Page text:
Thursday, April 22, 2010 (Central TX Panhandle, 595 mi.)


Tornado outbreak across the southern High Plains yields a few tubes for us, one fairly respectable, plus a special "surprise" involving the rear windshield.

Observed 4 tornadoes, and hail to baseball-grapefruit size (windshield destroyed).

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A surprisingly active day, and more importantly, the beginning of a fairly decent streak for me that would continue through 2010 -- something I truly believed impossible by the end of my three year stint in chasing Hell (2007-09). Though the pattern was impressive and somewhat analagous to the big closed low setups of early-mid 2007, I was unconvinced that instability would be sufficient and correctly juxtaposed with low-level shear to produce tornadic supercells in the TX Panhandle. I had a decision to make: departing Norman early enough to ensure an on-time arrival to the action would require skipping my afternoon (Tue/Thu) class, a stunt I probably shouldn't have pulled at all, but certainly wouldn't be able to pull again no matter how good a setup came along later in the semester. Being my usual impatient and impulsive self, I met up with Brandon around 11am and took off for CDS, where boundary-layer moisture and instability was forecast to be notably better than N of I-40 (at the possible expensive of shear).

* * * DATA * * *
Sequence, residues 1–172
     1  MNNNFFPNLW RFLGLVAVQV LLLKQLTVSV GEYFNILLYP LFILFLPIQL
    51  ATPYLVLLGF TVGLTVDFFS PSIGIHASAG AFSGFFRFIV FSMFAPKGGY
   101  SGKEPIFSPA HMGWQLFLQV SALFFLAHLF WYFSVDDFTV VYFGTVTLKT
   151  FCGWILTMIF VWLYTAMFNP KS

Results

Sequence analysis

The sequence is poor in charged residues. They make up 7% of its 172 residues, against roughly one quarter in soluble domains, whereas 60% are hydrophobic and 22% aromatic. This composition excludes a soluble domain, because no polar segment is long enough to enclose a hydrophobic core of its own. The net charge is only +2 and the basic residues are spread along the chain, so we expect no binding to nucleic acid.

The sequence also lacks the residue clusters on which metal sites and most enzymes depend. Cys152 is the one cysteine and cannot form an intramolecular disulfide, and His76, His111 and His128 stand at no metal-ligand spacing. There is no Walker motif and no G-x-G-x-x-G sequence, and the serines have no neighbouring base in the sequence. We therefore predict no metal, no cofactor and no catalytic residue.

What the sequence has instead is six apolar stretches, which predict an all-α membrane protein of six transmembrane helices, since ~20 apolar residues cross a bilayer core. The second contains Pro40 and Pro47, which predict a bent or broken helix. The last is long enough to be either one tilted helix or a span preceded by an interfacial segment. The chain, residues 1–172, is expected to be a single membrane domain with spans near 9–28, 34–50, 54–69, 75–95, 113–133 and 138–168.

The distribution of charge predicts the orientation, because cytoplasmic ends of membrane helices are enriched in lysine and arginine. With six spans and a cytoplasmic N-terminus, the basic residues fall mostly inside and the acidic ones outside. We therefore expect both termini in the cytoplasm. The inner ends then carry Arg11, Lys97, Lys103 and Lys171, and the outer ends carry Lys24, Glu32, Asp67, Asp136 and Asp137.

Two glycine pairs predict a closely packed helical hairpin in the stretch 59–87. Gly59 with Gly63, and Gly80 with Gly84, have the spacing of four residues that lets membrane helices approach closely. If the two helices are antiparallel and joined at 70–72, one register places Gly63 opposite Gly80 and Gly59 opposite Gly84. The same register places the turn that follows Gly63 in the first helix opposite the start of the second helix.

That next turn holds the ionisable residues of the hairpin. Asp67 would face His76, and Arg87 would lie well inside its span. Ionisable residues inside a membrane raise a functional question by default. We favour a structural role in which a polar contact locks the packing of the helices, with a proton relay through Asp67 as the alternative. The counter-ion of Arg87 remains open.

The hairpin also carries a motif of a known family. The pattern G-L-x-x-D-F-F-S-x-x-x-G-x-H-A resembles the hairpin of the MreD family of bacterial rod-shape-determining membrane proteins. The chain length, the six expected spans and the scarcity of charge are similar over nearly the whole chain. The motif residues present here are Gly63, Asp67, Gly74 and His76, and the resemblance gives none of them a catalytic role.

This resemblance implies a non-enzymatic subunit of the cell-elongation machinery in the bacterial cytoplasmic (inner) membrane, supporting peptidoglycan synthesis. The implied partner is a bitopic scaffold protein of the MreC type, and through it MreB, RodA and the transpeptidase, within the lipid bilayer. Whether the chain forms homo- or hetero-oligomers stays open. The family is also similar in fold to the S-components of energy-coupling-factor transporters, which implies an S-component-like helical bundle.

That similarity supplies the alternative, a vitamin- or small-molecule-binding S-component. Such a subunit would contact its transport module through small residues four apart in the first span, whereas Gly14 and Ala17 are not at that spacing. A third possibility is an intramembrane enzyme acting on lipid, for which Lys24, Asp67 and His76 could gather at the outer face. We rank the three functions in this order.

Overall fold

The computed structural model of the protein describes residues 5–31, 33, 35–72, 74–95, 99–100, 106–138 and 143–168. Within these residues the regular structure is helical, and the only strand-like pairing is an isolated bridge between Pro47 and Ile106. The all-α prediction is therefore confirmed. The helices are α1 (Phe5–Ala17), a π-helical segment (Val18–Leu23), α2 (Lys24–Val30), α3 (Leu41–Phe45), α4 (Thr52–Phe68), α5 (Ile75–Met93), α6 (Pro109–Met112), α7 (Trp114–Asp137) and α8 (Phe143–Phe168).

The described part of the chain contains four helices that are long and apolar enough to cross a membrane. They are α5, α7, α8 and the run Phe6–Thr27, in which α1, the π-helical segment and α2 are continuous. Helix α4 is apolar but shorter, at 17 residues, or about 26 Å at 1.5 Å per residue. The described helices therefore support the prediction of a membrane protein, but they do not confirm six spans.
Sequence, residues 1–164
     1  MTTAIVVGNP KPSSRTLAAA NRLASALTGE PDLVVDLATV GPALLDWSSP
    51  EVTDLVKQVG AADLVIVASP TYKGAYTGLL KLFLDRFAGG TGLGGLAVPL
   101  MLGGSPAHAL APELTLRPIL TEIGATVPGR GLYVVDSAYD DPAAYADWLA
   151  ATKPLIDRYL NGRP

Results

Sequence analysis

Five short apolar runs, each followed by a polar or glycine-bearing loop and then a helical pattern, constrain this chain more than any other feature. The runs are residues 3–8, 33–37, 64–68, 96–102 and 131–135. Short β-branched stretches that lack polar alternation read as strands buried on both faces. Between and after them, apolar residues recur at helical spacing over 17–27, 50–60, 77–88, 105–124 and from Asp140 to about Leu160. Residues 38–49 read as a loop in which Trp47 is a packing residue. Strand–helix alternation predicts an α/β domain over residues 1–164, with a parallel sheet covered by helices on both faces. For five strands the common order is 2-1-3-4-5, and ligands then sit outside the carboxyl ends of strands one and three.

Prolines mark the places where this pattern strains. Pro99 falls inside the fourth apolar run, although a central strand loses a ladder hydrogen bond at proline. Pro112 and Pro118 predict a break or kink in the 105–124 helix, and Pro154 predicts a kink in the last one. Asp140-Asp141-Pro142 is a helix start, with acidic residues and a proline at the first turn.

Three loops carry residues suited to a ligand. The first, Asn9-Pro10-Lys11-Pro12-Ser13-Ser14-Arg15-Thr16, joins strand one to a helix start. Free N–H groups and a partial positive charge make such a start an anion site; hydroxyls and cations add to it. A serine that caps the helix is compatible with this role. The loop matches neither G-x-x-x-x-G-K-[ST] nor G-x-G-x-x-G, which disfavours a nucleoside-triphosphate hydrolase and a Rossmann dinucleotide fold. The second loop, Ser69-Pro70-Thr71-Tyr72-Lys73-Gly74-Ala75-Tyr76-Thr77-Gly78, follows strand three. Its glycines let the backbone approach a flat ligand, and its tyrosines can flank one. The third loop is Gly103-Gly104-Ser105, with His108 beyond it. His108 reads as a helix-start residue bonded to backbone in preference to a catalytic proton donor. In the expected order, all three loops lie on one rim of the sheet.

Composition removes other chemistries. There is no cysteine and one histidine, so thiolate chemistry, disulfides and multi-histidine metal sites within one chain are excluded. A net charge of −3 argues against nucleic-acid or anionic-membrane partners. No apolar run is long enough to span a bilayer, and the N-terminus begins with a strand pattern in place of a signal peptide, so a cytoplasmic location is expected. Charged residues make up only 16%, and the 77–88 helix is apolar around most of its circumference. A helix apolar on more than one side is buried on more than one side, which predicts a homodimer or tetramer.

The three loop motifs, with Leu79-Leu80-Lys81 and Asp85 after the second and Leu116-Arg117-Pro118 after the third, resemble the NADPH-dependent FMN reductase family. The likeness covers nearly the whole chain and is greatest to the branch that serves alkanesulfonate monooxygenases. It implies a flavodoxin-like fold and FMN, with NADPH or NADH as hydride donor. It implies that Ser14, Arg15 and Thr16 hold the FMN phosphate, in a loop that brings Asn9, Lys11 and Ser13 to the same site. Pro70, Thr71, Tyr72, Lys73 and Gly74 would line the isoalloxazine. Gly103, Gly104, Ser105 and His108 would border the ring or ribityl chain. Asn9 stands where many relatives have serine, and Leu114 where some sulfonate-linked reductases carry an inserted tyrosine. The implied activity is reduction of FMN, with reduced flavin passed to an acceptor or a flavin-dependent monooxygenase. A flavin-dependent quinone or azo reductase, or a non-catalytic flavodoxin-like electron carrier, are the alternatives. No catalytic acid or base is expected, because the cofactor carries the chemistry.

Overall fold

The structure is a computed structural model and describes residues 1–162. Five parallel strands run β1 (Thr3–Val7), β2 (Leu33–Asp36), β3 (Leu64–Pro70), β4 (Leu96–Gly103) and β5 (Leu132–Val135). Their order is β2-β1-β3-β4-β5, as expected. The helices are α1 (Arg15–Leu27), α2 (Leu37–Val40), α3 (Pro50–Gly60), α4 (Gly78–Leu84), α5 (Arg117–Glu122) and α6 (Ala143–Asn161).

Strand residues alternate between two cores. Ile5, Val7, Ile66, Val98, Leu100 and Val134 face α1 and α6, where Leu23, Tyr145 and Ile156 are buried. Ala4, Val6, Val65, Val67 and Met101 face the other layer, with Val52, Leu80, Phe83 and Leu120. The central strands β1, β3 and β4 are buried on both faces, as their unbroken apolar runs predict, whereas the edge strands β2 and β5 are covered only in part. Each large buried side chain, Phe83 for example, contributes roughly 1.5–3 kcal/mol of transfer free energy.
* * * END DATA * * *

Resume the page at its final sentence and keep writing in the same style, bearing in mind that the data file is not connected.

As we crossed the OK-TX line W of Hollis, the dryline was located just W of I-27 and surface-based convection was already initiating across southwest KS into the OK Panhandle. Fortunately, the cap was still holding throughout most of the TX Panhandle, as it was only 1:30pm or so. Noticing the apparent capping present so far N, we decided hedging towards I-40 rather than down near CDS was our best play, so we pressed on to Memphis, then Hedley after a short while. Not long after we arrived there, an updraft erupted to our WSW around Palo Duro Canyon, so we moved N to McLean to position ourselves ahead of it. After half an hour of development, it quickly became obvious this was the right choice, despite my worry that low-level shear was not yet "ready" for tornadic supercell development so early (~3:30pm).

We sat in McLean for maybe 15 minutes debating whether we wanted to bite on a storm that would soon be crossing I-40 (well N of our original target), then started moving W to meet it. At Jericho, we exited S onto TX-70 and joined the hordes watching it approach from the SW on the only paved road for miles around. As it closed in on I-40 a few miles W of the highway, a substantial wall cloud took shape. I was still hard pressed to get excited given model forecasts for low-level flow to remain anemic until evening, but the visual evidence of imminent tornado potential was quickly enough to convince us to fly N to I-40, then W a few miles to Boydston where we ultimately met up with the mesocyclone.

From the TX-70 northbound exit near Boydston, which would soon live in infamy, we watched the main show unfold. The first tornado developed quickly ~2 mi. to our SW.

After only a couple minutes, another appeared just to its NE, only about a mile to our SSW (in image below, intial tornado is on right, new tornado is on left).

The initial, southwestern tube quickly dissipated while the new one turned into a substantial elephant trunk that persisted for about 6 min.